• E must be polymorphic.
  • The get_error_info function must not be called outside of a catch block.

Returns:

  • If dynamic_cast<boost::exception const *>(&x) is 0, or if x does not store an object of type ErrorInfo, the returned value is an empty shared_ptr.
  • Otherwise, the returned shared_ptr points to the stored value (use operator<< to store values in exception objects.) The shared_ptr is valid even after x has been destroyed.

Throws:

Nothing.

Note:

The interface of get_error_info may be affected by the build configuration macros.

enable_error_info

#include <boost/exception/enable_error_info.hpp>

namespace
boost
    {
    template <class T>
    ---unspecified--- enable_error_info( T const & x );
    }

Requirements:

T must be a class with an accessible no-throw copy constructor as per (15.5.1).

Returns:

  • If T derives from boost::exception, the returned object is of type T and is a copy of x.
  • Otherwise, the returned object is of an unspecified type that derives publicly from both T and boost::exception. The T sub-object is initialized from x by the T copy constructor.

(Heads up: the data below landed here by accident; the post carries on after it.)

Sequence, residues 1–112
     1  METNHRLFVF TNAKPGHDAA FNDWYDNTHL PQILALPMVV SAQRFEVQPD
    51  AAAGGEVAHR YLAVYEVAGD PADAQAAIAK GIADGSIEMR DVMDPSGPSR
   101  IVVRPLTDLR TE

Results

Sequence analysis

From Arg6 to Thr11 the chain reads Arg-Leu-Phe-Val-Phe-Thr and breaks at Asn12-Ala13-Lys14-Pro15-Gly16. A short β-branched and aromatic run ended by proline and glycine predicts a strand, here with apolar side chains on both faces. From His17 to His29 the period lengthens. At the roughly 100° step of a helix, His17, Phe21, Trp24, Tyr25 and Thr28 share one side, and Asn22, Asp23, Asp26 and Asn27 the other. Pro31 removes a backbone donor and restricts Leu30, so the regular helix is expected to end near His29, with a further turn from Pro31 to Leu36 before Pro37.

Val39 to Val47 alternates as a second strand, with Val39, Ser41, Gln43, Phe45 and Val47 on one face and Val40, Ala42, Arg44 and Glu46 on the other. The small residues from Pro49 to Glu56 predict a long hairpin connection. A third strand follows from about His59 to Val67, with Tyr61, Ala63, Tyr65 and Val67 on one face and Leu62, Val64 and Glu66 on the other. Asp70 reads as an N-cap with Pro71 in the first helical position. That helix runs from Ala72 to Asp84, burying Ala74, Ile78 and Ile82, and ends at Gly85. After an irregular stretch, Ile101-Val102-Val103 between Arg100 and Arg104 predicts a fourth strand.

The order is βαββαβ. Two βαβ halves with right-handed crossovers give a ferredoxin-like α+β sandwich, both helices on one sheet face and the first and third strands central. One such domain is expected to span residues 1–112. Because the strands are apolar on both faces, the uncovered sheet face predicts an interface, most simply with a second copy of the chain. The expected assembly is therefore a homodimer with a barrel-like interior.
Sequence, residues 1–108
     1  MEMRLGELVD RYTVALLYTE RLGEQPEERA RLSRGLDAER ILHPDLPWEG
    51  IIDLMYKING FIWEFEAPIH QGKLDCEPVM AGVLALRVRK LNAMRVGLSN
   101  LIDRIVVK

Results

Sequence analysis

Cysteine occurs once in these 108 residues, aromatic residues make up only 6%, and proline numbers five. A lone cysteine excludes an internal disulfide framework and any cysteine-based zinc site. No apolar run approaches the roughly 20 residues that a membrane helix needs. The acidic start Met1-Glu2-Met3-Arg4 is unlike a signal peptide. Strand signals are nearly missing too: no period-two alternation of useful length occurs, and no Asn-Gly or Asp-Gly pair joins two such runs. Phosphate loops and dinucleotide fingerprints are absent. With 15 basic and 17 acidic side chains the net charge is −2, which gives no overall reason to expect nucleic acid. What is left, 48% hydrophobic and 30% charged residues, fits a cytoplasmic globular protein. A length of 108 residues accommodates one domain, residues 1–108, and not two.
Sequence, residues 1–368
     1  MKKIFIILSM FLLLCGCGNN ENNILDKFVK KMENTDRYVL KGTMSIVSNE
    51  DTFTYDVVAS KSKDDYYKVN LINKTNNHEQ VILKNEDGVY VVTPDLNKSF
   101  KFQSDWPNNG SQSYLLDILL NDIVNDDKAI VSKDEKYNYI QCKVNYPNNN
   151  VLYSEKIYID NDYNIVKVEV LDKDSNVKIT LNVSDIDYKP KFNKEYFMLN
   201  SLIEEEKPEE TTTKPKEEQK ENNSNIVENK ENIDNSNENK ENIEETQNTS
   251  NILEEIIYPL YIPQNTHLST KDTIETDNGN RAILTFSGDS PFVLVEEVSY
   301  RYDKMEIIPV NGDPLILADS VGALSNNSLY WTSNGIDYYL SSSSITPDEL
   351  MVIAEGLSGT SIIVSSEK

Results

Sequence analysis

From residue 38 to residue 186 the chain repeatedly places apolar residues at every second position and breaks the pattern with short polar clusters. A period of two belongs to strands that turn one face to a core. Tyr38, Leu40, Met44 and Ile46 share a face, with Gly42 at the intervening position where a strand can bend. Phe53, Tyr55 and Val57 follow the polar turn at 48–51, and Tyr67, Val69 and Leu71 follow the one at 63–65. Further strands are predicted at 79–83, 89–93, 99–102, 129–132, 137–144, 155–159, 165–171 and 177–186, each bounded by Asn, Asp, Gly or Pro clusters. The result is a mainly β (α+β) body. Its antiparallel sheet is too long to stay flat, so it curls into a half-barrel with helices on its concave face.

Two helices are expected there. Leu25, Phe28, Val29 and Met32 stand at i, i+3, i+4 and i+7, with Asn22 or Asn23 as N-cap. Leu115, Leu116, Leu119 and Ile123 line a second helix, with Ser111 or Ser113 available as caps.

Throws:

Nothing.

Transporting of Exceptions between Threads

exception_ptr

#include <boost/exception_ptr.hpp>

namespace
boost
    {
    typedef ---unspecified--- exception_ptr;
    }

The exception_ptr type can be used to refer to a copy of an exception object. It is Default Constructible, Copy Constructible, Assignable and Equality Comparable; exception_ptr's operations do not throw.

Two instances of exception_ptr are equivalent and compare equal if and only if they refer to the same exception.